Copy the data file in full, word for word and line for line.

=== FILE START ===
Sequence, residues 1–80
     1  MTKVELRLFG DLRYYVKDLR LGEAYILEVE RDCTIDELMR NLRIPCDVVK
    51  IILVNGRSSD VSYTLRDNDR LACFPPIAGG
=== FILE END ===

Sequence, residues 1–80
     1  MTKVELRLFG DLRYYVKDLR LGEAYILEVE RDCTIDELMR NLRIPCDVVK
    51  IILVNGRSSD VSYTLRDNDR LACFPPIAGG